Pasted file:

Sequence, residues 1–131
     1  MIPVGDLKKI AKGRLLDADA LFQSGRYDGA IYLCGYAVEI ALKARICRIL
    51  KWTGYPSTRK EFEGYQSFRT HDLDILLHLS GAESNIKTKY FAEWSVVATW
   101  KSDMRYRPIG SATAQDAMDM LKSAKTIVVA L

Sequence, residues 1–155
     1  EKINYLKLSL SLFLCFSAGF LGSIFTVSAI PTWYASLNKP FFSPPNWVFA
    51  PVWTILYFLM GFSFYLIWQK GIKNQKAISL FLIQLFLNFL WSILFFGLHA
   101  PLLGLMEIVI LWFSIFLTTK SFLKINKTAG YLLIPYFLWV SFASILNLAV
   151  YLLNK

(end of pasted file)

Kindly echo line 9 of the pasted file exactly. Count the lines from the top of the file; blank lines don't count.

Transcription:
   151  YLLNK